Calling the eight year war in Afghanistan "adrift," White House Chief of Staff Rahm Emanuel explained on Sunday that the Obama administration considers sending more troops now to be "reckless" without a "credible" election result and a regime ready to begin securing the country.


"The process [of establishing a credible government] will be determined by the Afghan people," Emanuel said during an interview with CNN's John King. "The result for us and for the president is whether there is a credible government and a legitimate process that the Afghan people can think, 'This has worked its process through.'"

"The issue of developing an effective Afghan central government has dogged the U.S. mission virtually from the war's start after the attacks against the U.S. on Sept. 11, 2001. It gained new urgency after an Aug. 20 presidential election marred by charges of ballot-stuffing and voter coercion," the Associated Press noted. "An election fraud investigation could lead to a runoff election between President Hamid Karzai and his top challenger, former Foreign Minister Abdullah Abdullah."

Amid thousands of credible reports on Afghan election fraud, President Hamid Karzai's electoral commission is trying to block the United Nations' Election Complaints Commission from tossing enough ballots for Karzai to cause a runoff vote.

The UN commission's investigation findings "are expected to reduce Karzai's preliminary result of 55% to less than half of the votes," The Guardian reported.

A former U.N. official assigned to the investigation said last week that his ex-boss should resign or be fired for helping cover up evidence of fraud which mostly benefited Karzai.

"[The] United Nations could have done something to prevent the fraud before it took place," Peter Galbraith said during an interview with CBS anchor Katie Courric. "I tried to do that. But my boss, Kai Eide, stopped me."

"[Karzai] is continually trying to deflect the blame for the fraud that was committed on his behalf by suggesting that this is just bad news story, that it's a foreign propaganda," Galbraith continued. "When I tried to intervene to preserve the integrity of the electoral process, he complained that I was engaged in foreign interference.

"This, incidentally, in an election that the international community -- and above all, the Americans, had paid $300 million to conduct and in a country where 100,000 troops are fighting on behalf of the Afghan government. So, that this has been a continuing theme on his part. And it should not be taken at all seriously. In fact one should speak firmly to him and say, 'This is unacceptable.'"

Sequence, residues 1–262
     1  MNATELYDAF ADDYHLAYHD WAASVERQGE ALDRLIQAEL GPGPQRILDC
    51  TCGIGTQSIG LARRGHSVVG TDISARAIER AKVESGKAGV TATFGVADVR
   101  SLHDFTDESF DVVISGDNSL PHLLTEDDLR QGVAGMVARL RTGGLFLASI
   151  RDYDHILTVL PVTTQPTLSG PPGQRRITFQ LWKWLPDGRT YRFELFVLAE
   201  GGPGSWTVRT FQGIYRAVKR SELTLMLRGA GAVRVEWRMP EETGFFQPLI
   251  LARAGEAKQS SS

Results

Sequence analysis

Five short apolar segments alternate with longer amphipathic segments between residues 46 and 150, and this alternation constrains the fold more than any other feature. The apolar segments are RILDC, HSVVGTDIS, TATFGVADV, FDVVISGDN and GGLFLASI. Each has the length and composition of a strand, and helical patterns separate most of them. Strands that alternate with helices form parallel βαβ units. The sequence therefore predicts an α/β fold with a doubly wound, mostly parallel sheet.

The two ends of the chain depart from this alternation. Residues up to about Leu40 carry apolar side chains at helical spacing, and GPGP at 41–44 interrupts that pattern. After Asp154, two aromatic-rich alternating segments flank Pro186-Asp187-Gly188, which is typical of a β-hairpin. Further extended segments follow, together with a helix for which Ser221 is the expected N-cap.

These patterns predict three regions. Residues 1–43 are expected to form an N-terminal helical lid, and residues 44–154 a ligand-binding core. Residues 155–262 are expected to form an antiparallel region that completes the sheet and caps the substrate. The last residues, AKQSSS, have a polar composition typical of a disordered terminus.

Emanuel told King on Sunday there are "two roads" forward for the Afghan leadership.

"One is another runoff election between the two top candidates," he said. "Or, a negotiation between those candidates. But, the end result must be a legitimate and credible government to the Afghan people. That's what's important. It's the Afghans making a decision about what type of government they're going to have and what road they take to that point."

While the news of President Obama's hesitation to commit more troops to the Afghan war may hearten some peace activists, Emanuel said the White House will continue to review the situation, leaving open the door to a greater commitment in the future.

"When you go through all the analysis, it's clear that basically we had a war for eight years that was going on, that's adrift," he said. "We're beginning from scratch. From the starting point, after eight years. There's not a security force, an army, the type of services that are important for the Afghans to become a true partner.

"So, that is the question, and what I think, it would be irresponsible. And it's clear that -- I saw the clip earlier -- Senator Kerry, who is now in Kabul, in Afghanistan, noted that it would be reckless to make a decision regarding U.S. troop level if in fact you haven't done a thorough analysis of whether in fact there is an Afghan partner ready to fill that space, that the U.S. troops would create, and become a true partner in governing the Afghan country."

Senator John Kerry (D-MA), speaking to King earlier in the program, said it would be "entirely irresponsible" for President Obama to send more troops to Afghanistan "when we don't even have an election finished and know who the president is and what kind of government we're working with."

This video was broadcast by CNN's State of the Union on Oct. 18, 2009.

This video was broadcast by CNN's State of the Union on Oct. 18, 2009.